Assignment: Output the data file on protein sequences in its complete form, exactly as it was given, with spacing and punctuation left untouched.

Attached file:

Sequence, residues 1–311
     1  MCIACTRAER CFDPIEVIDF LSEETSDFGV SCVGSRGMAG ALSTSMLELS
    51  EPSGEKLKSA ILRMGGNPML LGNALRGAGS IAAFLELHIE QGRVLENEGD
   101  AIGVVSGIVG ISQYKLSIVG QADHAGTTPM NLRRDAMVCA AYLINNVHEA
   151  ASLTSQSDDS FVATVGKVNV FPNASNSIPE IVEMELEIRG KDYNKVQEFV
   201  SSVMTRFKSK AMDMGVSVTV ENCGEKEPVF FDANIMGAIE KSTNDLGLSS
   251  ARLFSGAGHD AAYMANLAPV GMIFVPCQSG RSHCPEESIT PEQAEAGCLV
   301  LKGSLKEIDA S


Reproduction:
Sequence, residues 1–311
     1  MCIACTRAER CFDPIEVIDF LSEETSDFGV SCVGSRGMAG ALSTSMLELS
    51  EPSGEKLKSA ILRMGGNPML LGNALRGAGS IAAFLELHIE QGRVLENEGD
   101  AIGVVSGIVG ISQYKLSIVG QADHAGTTPM NLRRDAMVCA AYLINNVHEA
   151  ASLTSQSDDS FVATVGKVNV FPNASNSIPE IVEMELEIRG KDYNKVQEFV
   201  SSVMTRFKSK AMDMGVSVTV ENCGEKEPVF FDANIMGAIE KSTNDLGLSS
   251  ARLFSGAGHD AAYMANLAPV GMIFVPCQSG RSHCPEESIT PEQAEAGCLV
   301  LKGSLKEIDA S